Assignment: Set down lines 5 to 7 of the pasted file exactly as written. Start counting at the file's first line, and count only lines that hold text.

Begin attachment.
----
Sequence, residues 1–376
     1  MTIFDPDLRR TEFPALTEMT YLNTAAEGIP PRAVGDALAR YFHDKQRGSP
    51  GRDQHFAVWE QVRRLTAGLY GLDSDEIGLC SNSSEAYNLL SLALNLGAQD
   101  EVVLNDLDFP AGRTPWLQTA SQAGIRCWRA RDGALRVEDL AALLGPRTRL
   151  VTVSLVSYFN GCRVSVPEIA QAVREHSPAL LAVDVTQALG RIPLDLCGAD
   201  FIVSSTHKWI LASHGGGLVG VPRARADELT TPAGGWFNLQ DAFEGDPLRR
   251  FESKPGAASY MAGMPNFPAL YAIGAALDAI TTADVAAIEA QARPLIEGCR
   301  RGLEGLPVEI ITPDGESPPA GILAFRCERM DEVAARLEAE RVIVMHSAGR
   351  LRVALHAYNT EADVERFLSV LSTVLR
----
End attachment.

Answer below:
   151  VTVSLVSYFN GCRVSVPEIA QAVREHSPAL LAVDVTQALG RIPLDLCGAD
   201  FIVSSTHKWI LASHGGGLVG VPRARADELT TPAGGWFNLQ DAFEGDPLRR
   251  FESKPGAASY MAGMPNFPAL YAIGAALDAI TTADVAAIEA QARPLIEGCR